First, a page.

Many of you don’t have the luxury of snipping what you need out of your own herb garden and have to resort to supermarket packages of herbs.  Your recipe might call for a tablespoon of freshly minced basil and then what to do with that pretty full package?  Let me tell you…

Chiffonade it all (it’s not good to “chop” on delicate basil more than once).  If you need help with “chiffonade” email me here .  Keep an extra ice tray on hand for tasks such as this.  Put a teaspoon (or tablespoon or whatever you wish) of your herb into the ice cube pockets, cover them with olive oil, and freeze.  Once they’re hard you can dump them into a freezer bag, label the bag, and have “fresh” herbs for months to come!!  Yay, YOU!  Yay, #lulasforlunch !

Which Mint is Which Mint?

Drink Minted Lemon-Limeade

When a recipe calls for mint, what kind are they talking about?  There’s peppermint, there’s water mint, there’s spearmint…you’re probably getting spearmint from your grocer and it’s fine to put into any recipe calling for mint.  Peppermint is harder to find – you may have to end up growing it if you’re a mint connoisseur and really want some. Peppermint tends to be more pungent and peppery and is a bit less “delicate”  and usually used in candies and teas.  At any rate, don’t sweat it – just use whatever they’re selling if it’s an ingredient in a savory dish.    When it comes to a Mint Julep, spearmint is what is used to make the drink.  Just sayin’.  Mint is a lovely accompaniment and refreshing element to many beverages, like Lula’s Minted Lemon-Limeade pictured here.  SIP…AHHHHH…

A Beer Primer

Beer

I’m not a beer drinker.  There, I said it.  There are some beers that taste good to me, but in general, I don’t like the carbonation (I don’t drink pop either) and what it does to my ‘constitution”.  That being said, Cincinnati s a great beer town, and is becoming more  so every day with our new micro-breweries and pubs.  So, I thought, perhaps there are others out there who might like to know what they’re drinking, or talking about, when celebrating our city’s great tradition.  Here you go:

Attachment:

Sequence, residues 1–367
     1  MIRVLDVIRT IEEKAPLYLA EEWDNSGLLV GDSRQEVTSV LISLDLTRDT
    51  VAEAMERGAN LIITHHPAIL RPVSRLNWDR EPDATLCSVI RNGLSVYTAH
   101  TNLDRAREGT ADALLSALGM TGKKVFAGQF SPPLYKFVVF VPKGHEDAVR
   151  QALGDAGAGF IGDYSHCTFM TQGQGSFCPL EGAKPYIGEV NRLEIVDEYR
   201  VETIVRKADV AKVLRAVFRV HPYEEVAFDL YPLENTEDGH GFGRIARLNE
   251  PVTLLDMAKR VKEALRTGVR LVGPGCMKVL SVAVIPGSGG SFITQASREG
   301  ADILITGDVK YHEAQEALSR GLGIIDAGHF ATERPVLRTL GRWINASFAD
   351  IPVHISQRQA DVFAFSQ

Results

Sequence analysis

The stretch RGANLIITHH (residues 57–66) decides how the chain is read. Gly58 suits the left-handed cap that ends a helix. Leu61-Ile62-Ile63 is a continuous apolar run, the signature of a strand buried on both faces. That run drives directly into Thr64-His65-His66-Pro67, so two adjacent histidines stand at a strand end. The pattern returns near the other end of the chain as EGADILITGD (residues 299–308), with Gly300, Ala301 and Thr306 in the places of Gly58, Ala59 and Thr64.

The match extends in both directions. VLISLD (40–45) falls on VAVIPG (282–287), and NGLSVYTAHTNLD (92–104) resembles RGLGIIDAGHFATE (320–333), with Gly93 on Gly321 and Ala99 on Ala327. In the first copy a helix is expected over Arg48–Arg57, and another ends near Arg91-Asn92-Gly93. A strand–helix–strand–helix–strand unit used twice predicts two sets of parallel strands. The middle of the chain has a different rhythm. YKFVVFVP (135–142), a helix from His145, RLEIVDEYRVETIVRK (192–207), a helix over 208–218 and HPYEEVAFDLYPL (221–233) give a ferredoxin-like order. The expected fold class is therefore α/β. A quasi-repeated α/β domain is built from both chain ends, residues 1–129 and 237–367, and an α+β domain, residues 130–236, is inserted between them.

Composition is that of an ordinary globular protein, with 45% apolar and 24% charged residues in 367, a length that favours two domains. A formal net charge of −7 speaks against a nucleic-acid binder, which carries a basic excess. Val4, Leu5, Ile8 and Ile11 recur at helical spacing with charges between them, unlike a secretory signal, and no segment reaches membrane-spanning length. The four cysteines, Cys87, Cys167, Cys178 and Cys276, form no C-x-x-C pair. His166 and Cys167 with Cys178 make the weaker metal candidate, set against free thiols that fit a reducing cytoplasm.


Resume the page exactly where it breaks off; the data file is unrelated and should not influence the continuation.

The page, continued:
Beer (ALL beer – lager, ale, stout, bock, pilsener, porter, etc) is made from the same ingredients:  water, barley malt, hops, and yeast.  What makes a different taste, style, or type of beer is the addition of other ingredients, different types of yeast, and fermentation temperature.  Age also changes the flavor of beer.  So let’s touch on the 5 major “types” of beer and try and make sense of it:

ALE:    Ales are not aged, and are made with a yeast that floats to the top of the vat during fermentation.  They contain a little more alcohol than lagers.  They often have a hint of fruit in their flavor or aftertaste.  A type of ale is STOUT.  Darker and stronger than regular ale, a stout is brewed with toasted malt.

LAGER:  The yeast in lagers sinks to the bottom of the vat and is fermented slowly and at cool temperatures, and take one to six weeks to age.  Types of lager are:

PILSENER:  About a third fewer calories and about 20% less alcohol than regular lager.  Pale and golden, they are your “light” beers.

PORTER:  The stronger flavor of this lager comes from toasting the malt before brewing.  It is a  bit higher in alcohol content as well.

BOCK:  A dark German style of lager, bocks are traditionally spring beers, but these days they are brewed year round.  They are rich, and thicker (in Germany they are made by freezing the beer and taking off the top layer of ice to thicken it).  Bocks are brewed with roasted malts.

Lula’s for Lunch…and More! Catering uses beer in some of our recipes.  Try our Ballpark Casserole – our Brats and Metts are poached in beer before grilling.  Or, this fall, order our Cheddar-Ale Fondue, served with our Brats and Metts as well as our homemade German Salt Rye!  You can always order our Beer Marinated Pork Tenderloin Sandwich from our Deli!  Cheers!